The Hummus, a satirical news website for Muslims, was founded in December 2013 by three twenty-something Muslim guys from Silicon Valley who wish to remain anonymous.
The Hummus is being hailed by some Muslims on social media as "The Onion for Muslims."
In an email to BuzzFeed, the founders described the website as "satire for Muslims who agree that the world is a complicated but manageable place."
The Hummus was inspired by a blog of the same name created by one of the founders last July.
The three friends decided the blog "could be an outlet for expressing the frustrations that we had as Muslims in America experiencing Islamophobia, the conflation of culture with religion (both here and oversees), and the funny results that we can all relate to."
The founders say their stories are connecting not only with Muslims, but are also educating non-Muslims about "their conflation of Islam and the cultural oddities/absurdities" of the Islamic world through satire.
The website is not averse to writing about sensitive issues, but say they tread with caution.
The founders believe The Hummus is a place for Muslims to laugh about and relate to one another in terms of common experiences such as "the Islamophobic politician," or "the self-serving cultural practice."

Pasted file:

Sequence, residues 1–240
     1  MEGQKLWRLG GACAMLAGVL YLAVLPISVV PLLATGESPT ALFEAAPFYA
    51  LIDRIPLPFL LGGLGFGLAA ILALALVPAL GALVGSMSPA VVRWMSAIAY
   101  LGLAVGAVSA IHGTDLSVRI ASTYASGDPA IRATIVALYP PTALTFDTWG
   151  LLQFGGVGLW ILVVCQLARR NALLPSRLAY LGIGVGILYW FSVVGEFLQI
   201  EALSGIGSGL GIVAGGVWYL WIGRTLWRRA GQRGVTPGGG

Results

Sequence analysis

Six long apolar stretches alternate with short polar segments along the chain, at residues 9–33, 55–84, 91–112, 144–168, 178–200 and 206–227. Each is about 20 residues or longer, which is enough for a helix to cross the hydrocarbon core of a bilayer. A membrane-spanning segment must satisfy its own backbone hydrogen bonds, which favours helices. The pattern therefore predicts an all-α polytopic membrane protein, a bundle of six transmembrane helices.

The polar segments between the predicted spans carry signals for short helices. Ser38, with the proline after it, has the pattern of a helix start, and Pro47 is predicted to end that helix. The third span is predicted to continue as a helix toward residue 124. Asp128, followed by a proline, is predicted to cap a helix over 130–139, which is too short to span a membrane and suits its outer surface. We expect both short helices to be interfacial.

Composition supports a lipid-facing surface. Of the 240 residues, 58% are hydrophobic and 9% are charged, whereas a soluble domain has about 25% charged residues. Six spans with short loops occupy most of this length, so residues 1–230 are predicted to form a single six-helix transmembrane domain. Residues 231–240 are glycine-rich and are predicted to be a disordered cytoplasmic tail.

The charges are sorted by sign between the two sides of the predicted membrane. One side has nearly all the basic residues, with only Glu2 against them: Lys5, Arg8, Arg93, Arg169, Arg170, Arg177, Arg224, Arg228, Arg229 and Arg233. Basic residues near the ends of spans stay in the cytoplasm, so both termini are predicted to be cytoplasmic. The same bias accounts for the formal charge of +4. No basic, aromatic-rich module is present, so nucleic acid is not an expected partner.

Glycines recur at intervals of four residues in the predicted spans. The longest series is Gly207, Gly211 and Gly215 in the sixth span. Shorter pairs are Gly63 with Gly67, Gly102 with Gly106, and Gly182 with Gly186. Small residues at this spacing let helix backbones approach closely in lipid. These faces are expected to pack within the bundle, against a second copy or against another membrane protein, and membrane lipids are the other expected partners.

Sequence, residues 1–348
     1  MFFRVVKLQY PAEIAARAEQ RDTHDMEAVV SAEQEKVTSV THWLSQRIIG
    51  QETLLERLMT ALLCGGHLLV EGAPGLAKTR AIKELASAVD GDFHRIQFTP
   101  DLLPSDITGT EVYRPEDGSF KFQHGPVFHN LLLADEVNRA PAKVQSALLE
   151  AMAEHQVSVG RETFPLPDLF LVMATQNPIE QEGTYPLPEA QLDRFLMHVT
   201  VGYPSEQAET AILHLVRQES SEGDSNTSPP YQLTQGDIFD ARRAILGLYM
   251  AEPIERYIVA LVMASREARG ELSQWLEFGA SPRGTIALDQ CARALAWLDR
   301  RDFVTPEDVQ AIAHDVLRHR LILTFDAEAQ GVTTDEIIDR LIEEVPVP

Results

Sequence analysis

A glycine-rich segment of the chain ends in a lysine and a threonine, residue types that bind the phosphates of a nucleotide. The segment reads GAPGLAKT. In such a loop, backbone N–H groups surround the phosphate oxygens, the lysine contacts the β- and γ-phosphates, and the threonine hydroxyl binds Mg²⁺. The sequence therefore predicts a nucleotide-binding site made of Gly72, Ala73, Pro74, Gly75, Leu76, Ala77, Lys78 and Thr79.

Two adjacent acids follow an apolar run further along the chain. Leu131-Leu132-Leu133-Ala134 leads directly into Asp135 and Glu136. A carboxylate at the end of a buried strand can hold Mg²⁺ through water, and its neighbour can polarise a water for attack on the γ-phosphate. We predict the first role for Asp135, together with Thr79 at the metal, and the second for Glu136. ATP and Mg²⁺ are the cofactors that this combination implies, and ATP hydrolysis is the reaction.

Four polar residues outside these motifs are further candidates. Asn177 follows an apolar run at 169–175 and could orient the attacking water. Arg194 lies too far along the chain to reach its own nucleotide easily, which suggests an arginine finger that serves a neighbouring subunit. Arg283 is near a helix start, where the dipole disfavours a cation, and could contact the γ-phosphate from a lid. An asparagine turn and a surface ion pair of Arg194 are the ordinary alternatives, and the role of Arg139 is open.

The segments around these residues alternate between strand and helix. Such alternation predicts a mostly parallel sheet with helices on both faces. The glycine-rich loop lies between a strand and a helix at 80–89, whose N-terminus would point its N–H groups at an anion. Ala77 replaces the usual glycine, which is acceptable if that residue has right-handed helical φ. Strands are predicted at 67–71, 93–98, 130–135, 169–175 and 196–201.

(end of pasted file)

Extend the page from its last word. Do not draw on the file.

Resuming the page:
Their hope is that, "Maybe, just maybe, they'll notice something in themselves through the soft medium of satire and improve their own behaviors."
Being practicing Muslims themselves, the founders said they try hard "not to criticize Islam itself, the pure religion."
They said they don't criticize God, the Prophet and other debatable religious figures. They also don't use the name Mohammad (or any variation) for any of their characters out of respect for the Prophet.
"Despite being a satirical website, we have our own values to contend with," they said.
The website targets younger, English-speaking Muslim Americans.
While their content deals with difficult topics, and often borders on the irreverent, the team said it is aware that some groups of Muslims could be more sensitive to certain issues because of their personal convictions and interpretations.
"We try to find the right balance. We are always cognizant of the fact that our articles might mean different things to Muslims from backgrounds other than ours," they said.